The agreement, signed by Ying-Wei Wang, president of Penghu University, among others, will begin laying the foundation for Bobcats to spend the summer at Penghu while Taiwanese students study at Texas State.

According to Rosario Davis, a learning specialist with the Intensive English program., said the agreement states the two colleges will cooperate together. She said the Penghu students will most likely attend Texas State between July 1 and Sep. 26, 2014, primarily during the university’s summer break.

Texas Tribune CEO speaks at Old Main

Texas Tribune Editor-In-Chief and CEO Evan Smith gave a presentation about non-partisan journalism and digital convergence in Old Main Monday as part of Mass Comm Week.

Smith is one of several professionals who travel to Texas State each year to speak with students as part of the week-long event hosted by the School of Journalism and Mass Communication. Smith said Mass Comm Week is like “spring break for nerds.” He spoke to students about the future of journalism in the digital world and answered questions from the crowd.

Councilmembers amend, pass smoking ordinance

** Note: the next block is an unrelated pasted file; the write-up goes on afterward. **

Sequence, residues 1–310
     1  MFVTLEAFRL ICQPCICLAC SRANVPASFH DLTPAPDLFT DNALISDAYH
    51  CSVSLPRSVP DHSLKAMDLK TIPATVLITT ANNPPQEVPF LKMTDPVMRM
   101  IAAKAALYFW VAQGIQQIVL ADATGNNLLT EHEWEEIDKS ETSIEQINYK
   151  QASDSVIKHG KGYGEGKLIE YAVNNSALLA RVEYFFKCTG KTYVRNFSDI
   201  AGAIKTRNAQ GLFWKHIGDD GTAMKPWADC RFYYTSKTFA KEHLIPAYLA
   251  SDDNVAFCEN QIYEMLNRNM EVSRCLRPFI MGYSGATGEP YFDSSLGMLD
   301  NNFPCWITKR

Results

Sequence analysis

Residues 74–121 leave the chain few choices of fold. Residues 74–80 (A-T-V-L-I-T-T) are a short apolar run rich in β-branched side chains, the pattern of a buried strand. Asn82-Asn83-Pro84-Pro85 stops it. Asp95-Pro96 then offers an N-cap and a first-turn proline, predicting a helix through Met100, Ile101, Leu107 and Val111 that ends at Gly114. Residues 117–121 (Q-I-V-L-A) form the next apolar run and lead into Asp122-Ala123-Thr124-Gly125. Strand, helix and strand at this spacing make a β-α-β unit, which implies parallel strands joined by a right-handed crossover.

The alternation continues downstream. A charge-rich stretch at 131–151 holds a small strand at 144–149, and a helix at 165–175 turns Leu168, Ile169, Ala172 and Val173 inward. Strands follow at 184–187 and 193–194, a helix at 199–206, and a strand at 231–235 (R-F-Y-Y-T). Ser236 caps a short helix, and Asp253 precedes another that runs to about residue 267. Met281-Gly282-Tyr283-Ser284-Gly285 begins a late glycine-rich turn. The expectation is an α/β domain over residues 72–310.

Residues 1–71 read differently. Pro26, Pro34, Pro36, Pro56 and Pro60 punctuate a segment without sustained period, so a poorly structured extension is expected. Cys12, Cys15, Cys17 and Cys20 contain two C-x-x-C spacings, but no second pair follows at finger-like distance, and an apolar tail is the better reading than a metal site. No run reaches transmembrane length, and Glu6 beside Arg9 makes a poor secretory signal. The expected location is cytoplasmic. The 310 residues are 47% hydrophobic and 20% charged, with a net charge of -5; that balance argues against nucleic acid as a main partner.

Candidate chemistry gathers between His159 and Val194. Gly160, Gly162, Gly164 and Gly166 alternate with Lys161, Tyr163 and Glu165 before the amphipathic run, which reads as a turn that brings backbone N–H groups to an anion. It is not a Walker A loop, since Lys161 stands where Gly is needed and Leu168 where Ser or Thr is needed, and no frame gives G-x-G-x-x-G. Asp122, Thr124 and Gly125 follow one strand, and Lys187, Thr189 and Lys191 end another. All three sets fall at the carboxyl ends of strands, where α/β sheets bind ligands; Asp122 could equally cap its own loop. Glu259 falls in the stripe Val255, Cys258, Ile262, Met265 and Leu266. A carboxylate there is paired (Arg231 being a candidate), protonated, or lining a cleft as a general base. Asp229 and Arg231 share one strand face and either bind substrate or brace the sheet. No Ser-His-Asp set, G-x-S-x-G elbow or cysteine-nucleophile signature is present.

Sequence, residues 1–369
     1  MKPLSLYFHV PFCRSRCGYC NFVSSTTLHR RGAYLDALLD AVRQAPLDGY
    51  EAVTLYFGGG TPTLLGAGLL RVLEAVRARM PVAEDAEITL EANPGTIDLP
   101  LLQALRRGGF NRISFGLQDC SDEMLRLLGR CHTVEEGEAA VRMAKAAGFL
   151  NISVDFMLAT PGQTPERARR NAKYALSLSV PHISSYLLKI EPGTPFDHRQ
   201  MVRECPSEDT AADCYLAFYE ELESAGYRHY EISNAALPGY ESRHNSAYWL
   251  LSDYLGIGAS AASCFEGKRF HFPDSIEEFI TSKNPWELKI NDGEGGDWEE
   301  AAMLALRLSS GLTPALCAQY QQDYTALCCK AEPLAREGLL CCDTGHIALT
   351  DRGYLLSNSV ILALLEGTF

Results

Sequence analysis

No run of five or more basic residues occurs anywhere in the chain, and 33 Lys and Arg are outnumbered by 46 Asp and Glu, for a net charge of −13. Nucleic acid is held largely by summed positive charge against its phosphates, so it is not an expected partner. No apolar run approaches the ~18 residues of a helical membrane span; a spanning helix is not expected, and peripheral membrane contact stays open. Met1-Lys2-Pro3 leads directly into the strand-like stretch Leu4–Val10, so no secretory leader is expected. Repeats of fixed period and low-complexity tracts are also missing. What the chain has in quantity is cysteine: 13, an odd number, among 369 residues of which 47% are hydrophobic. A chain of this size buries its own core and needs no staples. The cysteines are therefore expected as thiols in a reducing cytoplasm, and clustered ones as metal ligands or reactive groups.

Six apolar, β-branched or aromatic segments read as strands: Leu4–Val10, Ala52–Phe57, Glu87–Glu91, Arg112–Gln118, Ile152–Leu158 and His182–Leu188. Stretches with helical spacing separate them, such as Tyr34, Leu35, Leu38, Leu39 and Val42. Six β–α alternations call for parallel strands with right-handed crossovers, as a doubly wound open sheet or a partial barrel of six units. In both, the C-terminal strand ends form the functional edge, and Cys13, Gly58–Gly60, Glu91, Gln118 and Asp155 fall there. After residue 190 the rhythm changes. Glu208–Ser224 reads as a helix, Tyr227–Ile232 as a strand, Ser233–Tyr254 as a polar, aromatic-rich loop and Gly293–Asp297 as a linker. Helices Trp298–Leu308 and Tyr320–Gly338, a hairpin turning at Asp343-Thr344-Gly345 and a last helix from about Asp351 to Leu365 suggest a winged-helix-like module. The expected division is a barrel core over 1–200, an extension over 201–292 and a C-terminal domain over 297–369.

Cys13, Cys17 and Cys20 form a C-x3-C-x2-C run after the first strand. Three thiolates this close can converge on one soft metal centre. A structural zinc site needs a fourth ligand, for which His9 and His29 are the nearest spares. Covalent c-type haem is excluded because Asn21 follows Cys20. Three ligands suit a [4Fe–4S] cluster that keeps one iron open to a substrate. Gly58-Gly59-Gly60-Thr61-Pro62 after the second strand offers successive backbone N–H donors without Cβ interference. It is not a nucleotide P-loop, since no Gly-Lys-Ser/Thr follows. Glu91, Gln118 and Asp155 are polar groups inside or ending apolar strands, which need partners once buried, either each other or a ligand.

San Marcos city councilmembers unanimously approved a ban prohibiting residents from smoking in public places, businesses and city-owned areas Tuesday.

Councilmembers debated aspects of the ordinance during the Sept. 17 meeting. In an effort to reduce secondhand smoke, the ordinance bans smoking in any public place or park, in enclosed areas owned by the city and enclosed workplaces. Owners of establishments will be in violation of the ordinance if they fail to keep customers from smoking.

New fiscal year budget could fund water study, pay raises

Hays County officials are focusing funds on special projects with their 2014 fiscal year budget,  including a collective bargaining agreement and a search for alternative sources of groundwater.

According to the Hays County website, the county commissioners proposed a total budget for fiscal year 2014 of $150,428,178. Laureen Chernow, Hays County communications specialist, said the 2014 fiscal year budget was down about 14 percent from last year’s budget. The budget will be finalized Sept. 17, Chernow said. Proposed differences include increasing funding for construction, searching for alternative sources of groundwater and allowing for law enforcement pay raises.